The Keepers is one of the highlighted NaFF films directed or co-directed by women, making up 75 percent of documentary films in competition and 45 percent of feature films in competition. “I think it speaks to the fact that women are really making strides in the film industry,” said Brian Owens, NaFF artistic director. “We didn’t do anything special in terms of announcing the festival to women. They’re just making quality films.”
For the second screening of The Keepers on April 20 at 12:15PM, Nashville Film Festival and Bridgestone Americas (Bridgestone) will present a day of free films for the Nashville community. For one day only, Bridgestone has purchased every film ticket at the festival and is making all of them available to the public at no charge. All tickets must be reserved at www.nashvillefilmfestival.org or at the festival box office while supplies last. “NaFF will present 26 film screenings that day, everything from comedy, drama, and documentaries, to inspirational films,” said Ted Crockett, executive director of the Nashville Film Festival.
Sara Kaye Larson is a writer and filmmaker. Her work focuses on domestic travel, the American experience, and old fashioned storytelling exploring the curious corners and marginalized populations of the United States. Sara's autobiographical documentary about being a young adult cancer survivor, Going Nodal: The Hodge Experience, won first place in the documentary category at the Next Frame Film Festival and was part of the Kodak Emerging Filmmakers Program at the Cannes International Film Festival. She is currently working on a documentary about the mysterious and intense world of high school Mock Trial, partially filmed in Nashville.
Joann Self Selvidge founded True Story Pictures in 2004 - and again in 2010 - first as a nonprofit, and later as a social venture company. She has a passion for stories and storytelling that shares stories of music and art, race relations and leadership, education, inspiration, and social justice. Her films, include The WLOK Story (2002), The Arts Interviews (2005-2008), Leveling the Playing Field (2008), Voices of Jericho (2007, 2010), The Music Interviews (2009), The Art Academy (2012), and The Keepers (2015). She is currently working on a feature length film that explores the reality of juvenile justice in America from the perspective of the mothers and sons who are caught in its maelstrom.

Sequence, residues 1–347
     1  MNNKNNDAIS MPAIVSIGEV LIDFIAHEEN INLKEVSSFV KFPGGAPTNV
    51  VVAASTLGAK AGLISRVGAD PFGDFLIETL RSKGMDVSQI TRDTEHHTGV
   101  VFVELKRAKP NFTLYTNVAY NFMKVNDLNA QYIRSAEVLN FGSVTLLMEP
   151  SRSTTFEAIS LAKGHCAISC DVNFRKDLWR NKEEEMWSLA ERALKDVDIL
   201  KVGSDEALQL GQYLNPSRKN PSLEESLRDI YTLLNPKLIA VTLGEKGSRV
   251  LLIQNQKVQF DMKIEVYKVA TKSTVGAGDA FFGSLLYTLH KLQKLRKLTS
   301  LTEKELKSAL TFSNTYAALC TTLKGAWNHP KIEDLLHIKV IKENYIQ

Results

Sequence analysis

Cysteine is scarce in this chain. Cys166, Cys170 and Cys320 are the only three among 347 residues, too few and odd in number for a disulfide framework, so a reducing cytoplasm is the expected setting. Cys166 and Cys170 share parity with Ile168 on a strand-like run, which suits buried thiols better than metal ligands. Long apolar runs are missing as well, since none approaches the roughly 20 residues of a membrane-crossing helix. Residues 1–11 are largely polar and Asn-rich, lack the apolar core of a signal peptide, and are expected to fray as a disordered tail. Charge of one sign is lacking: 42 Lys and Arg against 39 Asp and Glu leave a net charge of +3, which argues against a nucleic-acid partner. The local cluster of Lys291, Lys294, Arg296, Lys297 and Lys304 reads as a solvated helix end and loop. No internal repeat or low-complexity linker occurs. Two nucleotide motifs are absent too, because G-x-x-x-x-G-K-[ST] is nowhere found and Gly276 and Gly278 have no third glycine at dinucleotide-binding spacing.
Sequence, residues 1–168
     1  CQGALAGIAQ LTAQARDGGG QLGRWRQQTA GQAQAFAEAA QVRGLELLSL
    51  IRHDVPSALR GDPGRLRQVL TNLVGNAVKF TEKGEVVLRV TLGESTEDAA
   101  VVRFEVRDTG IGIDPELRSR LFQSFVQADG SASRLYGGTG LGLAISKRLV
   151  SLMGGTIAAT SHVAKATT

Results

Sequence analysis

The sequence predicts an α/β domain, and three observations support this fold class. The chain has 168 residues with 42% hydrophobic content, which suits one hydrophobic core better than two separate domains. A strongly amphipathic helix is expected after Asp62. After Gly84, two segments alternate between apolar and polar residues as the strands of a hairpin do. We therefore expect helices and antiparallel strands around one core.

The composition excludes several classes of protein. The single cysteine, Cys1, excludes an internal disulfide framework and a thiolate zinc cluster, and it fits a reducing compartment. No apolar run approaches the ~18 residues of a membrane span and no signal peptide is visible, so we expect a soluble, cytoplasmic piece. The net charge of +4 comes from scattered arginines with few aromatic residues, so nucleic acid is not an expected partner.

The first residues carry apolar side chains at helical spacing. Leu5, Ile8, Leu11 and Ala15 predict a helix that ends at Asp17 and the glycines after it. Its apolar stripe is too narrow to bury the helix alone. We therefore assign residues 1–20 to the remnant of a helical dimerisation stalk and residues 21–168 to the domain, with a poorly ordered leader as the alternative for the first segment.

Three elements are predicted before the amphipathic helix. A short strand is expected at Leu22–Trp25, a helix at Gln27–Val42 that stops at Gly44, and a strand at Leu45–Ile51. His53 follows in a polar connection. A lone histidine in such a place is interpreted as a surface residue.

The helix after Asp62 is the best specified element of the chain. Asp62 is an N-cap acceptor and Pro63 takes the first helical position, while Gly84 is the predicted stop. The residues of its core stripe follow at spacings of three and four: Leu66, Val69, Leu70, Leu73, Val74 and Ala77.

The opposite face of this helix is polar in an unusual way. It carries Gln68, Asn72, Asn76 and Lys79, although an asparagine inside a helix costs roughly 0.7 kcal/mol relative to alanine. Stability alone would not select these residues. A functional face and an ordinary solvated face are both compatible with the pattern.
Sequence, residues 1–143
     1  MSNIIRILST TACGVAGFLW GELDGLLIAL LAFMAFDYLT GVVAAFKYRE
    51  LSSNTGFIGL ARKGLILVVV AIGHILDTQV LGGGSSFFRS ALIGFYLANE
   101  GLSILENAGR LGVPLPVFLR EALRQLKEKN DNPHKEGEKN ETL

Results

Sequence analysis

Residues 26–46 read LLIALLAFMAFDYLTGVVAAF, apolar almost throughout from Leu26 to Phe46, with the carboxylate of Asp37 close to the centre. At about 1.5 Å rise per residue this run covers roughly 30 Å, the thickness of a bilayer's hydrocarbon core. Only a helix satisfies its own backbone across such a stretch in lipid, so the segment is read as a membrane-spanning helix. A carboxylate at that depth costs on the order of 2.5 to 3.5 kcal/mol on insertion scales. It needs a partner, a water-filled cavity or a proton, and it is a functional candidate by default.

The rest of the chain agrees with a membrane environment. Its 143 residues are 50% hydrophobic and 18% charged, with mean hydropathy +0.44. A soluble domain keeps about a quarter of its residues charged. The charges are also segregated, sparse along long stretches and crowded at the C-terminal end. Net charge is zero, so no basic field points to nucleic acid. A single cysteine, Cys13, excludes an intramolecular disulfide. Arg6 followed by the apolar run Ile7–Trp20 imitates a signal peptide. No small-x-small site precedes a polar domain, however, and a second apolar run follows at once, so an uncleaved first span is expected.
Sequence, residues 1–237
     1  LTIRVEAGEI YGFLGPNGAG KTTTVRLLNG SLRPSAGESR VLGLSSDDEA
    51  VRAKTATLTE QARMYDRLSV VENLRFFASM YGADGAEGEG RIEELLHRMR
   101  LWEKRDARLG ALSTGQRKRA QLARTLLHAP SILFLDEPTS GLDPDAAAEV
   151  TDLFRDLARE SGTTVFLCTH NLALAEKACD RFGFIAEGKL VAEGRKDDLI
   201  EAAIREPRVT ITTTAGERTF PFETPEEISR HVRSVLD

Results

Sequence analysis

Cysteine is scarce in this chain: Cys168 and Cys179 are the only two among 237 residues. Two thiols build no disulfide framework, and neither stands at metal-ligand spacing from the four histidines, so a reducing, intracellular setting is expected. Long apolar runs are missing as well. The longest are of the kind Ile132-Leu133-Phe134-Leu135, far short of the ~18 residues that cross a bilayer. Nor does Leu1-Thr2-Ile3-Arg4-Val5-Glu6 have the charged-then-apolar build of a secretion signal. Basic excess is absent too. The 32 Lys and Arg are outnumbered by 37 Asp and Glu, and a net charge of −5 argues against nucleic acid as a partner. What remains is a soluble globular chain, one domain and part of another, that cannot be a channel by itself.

Film Score Composer Tim Regan will also be in attendance at the festival. The original music in the film was recorded in Austin, Texas. The film’s sound design and mix was done by six-time GRAMMY-nominated producer Kevin Houston at the Music + Arts Studio in Memphis.
Nashville Film Festival (NaFF), April 16–25, 2015, presented by Nissan North America, brings the world to Nashville in a 10-day celebration of film. NaFF celebrates the diversity of the human vision by curating diverse program segments. Founded in 1969 by Mary Jane Coleman, it is one of the oldest film festivals in the U.S. NaFF is an Academy Award Qualifying Event.